While research and programs addressing migration and HIV in Africa and Asia are long established, evidence suggesting the impact of migration in the HIV/AIDS and STI epidemics in the Americas has grown over the past decade. Along the Mexico-U.S. border, these links may help explain the emerging HIV epidemic in Tijuana as demonstrated by recent research carried out by a bi-national team along the Tijuana-San Diego border. This region is the world’s busiest international land crossing, and a location where deportations from the United States have increased by 48% since 2002. Researchers found that deported male injection drug users had over 4 times the odds of HIV infection, compared with their non-deported counterparts. In a following qualitative study, deportation was described as common among Mexican-born men who purchase sexual favors in Tijuana. Participants also linked the social isolation and economic dislocation that followed deportation to susceptibility to HIV through unprotected sex with FSWs and substance use. More research is necessary to elucidate the role of these potential causal factors, their interaction with other structural factors (including homelessness and criminality), and their impacts on HIV.
To address migration induced HIV vulnerability, it is necessary to implement tailored and targeted interventions for itinerant and vulnerable populations in areas of high transit. New technologies and approaches, such as mobile or roadside clinics and rapid HIV/ STI testing, provide opportunities to prevent HIV and STIs among mobile populations. For example, in a South African mining community, an intervention involving mobile units offering STI screening, treatment, and condom promotion for miners and FSWs witnessed significant reductions in STD prevalence within both groups. Among FSWs, the prevalence of common curable STIs dropped by as much as 85% in nine months. Annual screening revealed a 43% lower rate of Gonorrhea and Chlamydia infection and 78% fewer genital ulcers among miners and proximity to the intervention site was found to reduce a miner's risk of acquiring an STI. These reductions in STIs were estimated to have averted 40 HIV infections among the women and 195 HIV infections among the group of miners.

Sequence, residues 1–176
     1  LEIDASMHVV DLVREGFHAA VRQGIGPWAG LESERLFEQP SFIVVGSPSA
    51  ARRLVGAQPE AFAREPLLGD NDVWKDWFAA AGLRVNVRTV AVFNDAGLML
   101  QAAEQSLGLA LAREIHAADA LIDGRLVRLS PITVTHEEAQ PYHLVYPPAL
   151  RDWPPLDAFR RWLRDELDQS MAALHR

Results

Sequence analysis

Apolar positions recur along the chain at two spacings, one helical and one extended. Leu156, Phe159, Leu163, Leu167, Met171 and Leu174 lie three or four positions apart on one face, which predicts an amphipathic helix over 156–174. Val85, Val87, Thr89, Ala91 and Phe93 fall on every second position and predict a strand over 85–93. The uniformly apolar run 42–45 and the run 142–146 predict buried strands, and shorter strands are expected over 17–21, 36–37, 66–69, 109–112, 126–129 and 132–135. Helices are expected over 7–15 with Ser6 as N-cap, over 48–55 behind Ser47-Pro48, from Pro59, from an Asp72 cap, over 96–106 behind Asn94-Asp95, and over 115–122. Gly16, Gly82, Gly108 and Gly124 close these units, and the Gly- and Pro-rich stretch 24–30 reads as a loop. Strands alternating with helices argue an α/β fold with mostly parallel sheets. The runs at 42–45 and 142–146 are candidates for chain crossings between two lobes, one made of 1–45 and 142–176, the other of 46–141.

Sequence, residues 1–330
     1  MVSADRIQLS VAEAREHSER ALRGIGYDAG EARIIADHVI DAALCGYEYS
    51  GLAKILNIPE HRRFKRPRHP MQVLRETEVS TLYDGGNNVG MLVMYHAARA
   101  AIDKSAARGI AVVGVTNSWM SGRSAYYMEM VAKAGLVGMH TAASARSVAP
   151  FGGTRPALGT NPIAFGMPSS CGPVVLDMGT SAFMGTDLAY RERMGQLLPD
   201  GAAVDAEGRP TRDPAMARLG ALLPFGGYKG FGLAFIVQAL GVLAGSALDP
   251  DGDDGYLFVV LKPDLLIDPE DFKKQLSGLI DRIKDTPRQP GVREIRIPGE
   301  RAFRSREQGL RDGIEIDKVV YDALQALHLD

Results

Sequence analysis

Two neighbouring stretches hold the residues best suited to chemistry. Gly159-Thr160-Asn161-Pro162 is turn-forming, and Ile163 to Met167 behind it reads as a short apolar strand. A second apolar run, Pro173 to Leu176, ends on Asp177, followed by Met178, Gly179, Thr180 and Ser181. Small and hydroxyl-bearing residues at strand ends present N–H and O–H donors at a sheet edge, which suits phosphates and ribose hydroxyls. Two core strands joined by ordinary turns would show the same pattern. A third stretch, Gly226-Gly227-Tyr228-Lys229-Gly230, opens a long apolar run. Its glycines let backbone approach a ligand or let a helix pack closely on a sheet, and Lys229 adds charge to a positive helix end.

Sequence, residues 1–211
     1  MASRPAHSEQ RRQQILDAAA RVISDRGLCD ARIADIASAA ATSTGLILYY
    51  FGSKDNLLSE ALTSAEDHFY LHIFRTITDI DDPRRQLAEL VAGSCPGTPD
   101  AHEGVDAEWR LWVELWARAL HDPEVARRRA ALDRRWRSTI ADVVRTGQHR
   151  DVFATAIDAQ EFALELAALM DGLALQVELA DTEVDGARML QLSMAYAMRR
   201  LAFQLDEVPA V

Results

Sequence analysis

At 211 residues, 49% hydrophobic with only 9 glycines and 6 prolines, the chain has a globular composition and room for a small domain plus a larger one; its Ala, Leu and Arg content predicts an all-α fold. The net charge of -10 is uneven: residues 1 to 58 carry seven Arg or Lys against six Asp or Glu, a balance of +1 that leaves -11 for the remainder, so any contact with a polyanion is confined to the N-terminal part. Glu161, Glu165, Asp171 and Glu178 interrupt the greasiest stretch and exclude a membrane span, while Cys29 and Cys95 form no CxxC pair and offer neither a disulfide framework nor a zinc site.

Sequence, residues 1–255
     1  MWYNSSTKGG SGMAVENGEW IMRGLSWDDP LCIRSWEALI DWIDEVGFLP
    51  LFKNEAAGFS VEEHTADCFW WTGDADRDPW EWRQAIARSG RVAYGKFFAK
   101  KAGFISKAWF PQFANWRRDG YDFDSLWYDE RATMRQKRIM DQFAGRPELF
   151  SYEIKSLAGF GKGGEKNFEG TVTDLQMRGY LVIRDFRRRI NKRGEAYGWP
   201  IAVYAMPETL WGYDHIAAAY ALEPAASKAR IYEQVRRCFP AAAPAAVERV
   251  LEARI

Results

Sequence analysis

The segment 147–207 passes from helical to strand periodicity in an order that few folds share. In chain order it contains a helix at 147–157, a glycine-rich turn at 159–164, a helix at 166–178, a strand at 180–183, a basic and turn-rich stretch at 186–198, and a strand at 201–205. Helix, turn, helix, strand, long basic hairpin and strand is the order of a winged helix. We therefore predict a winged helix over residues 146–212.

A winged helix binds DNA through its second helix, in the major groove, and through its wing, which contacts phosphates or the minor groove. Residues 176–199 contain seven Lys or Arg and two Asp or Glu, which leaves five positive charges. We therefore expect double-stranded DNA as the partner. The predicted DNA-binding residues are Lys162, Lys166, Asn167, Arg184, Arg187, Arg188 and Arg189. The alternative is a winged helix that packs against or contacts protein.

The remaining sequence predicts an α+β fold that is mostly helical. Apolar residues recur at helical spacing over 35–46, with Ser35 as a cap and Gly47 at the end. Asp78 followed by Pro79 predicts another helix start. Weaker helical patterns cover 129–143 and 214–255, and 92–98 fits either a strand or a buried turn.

Although less information on the impact of migration on HIV and STIs is available for Central America, similar trends have been reported and available data suggest an urgent need for research and delivery of appropriate service. In response, community-based organizations and bi-national/regional teams of investigators from Mexico, Central America (e.g. Guatemala), and the U.S. are currently conducting research in this under-represented region. In Central America, high levels of mobility within the region, different national approaches and policies, increased fluidity in cross-border movements, and under-resourcing require integrated approaches across the region. As a result, various regional projects have included the Global Fund-supported Mesoamerican Project in integral care for mobile populations: reducing vulnerability of mobile populations in Central America to HIV/AIDS; and the USAID-led Program for Strengthening the Central American Response to HIV/AIDS (PASCA), among others. These projects represent an important response to the gap in resources and knowledge on migration, mobility, and HIV and STIs in Central America.
This summer, Shira is working at PAHO with Dr. Omar Sued, Regional Advisor HIV/STI Care & Treatment, on a literature review of HIV, migration, and mobility in Central America.